Different interpretations of the extent of private copying levy has been subject of discussion in Sweden as well as the rest of the EU in recent times. Now the ECJ clarifies how private copying levy rules are to be interpreted and implemented in national law, following a ruling involving a case in Spain.
The Spanish case primarily concerned the purpose for which the equipment will be used, private or professional use. According to the ECJ a private copying levy is incompatible with the underlying directive when equipment is purchased by persons other than natural persons for purposes clearly unrelated to private copying.
– This confirms that the Swedish practical implementation of a private copying levy system is well in line with harmonization within the EU. In Sweden there is a regulation on the so-called professional exemption, which means that importers and retailers can sell products that are used professionally, without paying compensation, says Mattias Åkerlind, CEO of Copyswede, the administrator of private copying remuneration in Sweden.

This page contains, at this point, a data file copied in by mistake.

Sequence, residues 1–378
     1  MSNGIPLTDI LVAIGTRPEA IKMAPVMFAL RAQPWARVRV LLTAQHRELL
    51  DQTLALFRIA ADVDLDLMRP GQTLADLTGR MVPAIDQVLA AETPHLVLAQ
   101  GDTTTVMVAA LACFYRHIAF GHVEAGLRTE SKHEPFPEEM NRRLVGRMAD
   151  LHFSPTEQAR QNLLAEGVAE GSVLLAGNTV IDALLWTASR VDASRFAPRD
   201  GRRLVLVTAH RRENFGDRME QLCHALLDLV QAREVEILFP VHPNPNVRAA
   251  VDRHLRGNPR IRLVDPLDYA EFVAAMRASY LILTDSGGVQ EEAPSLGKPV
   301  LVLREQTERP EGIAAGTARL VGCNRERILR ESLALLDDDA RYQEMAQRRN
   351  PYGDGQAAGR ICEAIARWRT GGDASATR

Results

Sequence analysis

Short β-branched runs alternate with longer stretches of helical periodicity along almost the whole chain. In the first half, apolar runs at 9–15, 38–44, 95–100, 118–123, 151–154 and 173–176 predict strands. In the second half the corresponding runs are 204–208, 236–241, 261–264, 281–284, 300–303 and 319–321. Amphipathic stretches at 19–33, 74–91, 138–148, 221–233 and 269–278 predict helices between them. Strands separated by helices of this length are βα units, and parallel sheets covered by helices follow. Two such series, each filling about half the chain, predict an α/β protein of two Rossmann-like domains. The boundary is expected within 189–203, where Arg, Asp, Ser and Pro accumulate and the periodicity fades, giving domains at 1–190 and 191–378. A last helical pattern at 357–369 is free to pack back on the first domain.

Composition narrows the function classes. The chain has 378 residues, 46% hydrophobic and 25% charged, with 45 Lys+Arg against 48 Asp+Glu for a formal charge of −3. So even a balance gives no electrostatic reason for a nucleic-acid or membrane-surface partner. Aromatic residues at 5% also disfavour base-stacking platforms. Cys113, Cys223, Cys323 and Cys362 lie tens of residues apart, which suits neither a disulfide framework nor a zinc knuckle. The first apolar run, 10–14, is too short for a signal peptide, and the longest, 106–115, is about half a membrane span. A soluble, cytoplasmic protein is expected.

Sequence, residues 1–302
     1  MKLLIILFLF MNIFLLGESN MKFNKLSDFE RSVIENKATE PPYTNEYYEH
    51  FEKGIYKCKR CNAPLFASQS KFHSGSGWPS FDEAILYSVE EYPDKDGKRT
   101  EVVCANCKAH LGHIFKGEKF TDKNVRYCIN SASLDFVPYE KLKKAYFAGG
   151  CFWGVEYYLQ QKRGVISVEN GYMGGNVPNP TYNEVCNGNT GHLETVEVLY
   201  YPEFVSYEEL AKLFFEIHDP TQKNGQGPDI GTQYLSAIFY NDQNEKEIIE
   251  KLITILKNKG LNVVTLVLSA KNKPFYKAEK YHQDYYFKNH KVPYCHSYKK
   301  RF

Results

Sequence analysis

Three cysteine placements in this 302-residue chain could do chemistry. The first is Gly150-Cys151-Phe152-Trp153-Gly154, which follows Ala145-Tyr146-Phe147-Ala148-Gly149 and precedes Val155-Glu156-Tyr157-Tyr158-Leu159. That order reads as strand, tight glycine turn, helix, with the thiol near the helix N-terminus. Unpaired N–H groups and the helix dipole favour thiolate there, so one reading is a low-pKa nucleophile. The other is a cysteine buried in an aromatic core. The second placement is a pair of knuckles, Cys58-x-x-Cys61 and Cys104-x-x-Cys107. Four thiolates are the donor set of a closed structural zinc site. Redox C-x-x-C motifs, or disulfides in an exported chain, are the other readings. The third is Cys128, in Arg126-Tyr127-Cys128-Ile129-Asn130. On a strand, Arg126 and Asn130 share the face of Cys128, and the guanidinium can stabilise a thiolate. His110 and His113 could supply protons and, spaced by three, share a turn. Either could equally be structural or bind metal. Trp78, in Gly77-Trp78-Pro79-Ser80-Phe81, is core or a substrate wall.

The ECJ also states that where the equipment at issue has been made available to natural persons for private purposes it is unnecessary to determine the extent to which they have in fact made private copies. The fact that it is possible to use the equipment for the making of private copies is in itself sufficient to justify the application of the private copying levy.
– It is with satisfaction we note that the ECJ has clarified the extent of the private copying levy, says Mattias Åkerlind. This clarification should in the implementation in Swedish law lead to a reasonable compensation for the creators whose work is copied - whatever technology is used.
Copyswede manages the rights of authors, performers, TV- and radio corporations and producers in agreements for, among other areas, simultaneous and unaltered retransmission of certain TV-and radio channels. Copyswede operates in Sweden.